Archive for the ‘Reef Aquarium Questions Answered’ Category

Questions Related To Reef Aquaria – Sticky Post #2.

Monday, January 21st, 2013

Hi Folks,

I will be glad to attempt to answer any questions related to reef aquaria.


  1. Each single answer – no matter how trivial – will cost a $5.00 fee.  This should be transferred – in advance – to my PayPal account.  A not-so-useful form (which keeps the spammers off the track a bit) of my email address is: ronshimek-at-wispwest-dot-net (and I am sure any reader will convert that into the actual address).
  2. When the fee is deposited in my PayPal account, I am sent notification of that transaction, along with an email address of the person depositing the fee. 
  3. I will reply to that email address, asking the sender what is the question, and the “game” will begin.  In other words, PLEASE DON”T POST THE QUESTION AS A COMMENT IN MY BLOG.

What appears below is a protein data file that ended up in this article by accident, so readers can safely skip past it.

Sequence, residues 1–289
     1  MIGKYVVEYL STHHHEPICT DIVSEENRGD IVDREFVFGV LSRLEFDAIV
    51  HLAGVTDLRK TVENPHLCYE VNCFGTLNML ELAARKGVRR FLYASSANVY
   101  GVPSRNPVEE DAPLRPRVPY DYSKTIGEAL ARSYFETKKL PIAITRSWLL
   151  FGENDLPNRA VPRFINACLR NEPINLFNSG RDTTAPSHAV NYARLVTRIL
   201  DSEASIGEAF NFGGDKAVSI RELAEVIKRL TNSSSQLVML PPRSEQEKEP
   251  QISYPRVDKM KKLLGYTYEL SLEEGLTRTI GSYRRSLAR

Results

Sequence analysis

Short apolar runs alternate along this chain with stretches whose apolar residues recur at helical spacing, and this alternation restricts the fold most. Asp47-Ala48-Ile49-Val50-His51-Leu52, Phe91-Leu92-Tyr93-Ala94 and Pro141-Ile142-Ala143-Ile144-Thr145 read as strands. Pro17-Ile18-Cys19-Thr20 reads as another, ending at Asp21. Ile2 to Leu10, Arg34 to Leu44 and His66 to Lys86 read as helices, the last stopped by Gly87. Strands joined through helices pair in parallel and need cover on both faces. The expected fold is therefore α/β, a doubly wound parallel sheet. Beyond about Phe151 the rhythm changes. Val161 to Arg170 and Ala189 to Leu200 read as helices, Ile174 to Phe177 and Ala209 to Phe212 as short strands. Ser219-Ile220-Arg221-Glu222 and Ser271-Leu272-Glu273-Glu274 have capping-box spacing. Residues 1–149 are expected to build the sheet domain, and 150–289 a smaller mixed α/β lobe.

4. I will answer each question to the best of my ability, but I make no guarantee that the answer is correct.  Likewise, I assume neither responsibility nor liability for any changes or problems that may occur in your aquarium system as a result of your actions based on my answers.  Other than specified below, there will be no refunds if you are not satisfied with the answer.  As the old carnival talkers would say, “You pays your money and you takes your chances”.

I will read the question before I attempt to answer it, and if the question as sent to me has multiple parts; I will contact the questioner and point this out.   The questioner may then specify which single part should be answered for their fee.

Some questions have no possible answers.  For those questions, I will return the fee minus any PayPal transaction fees.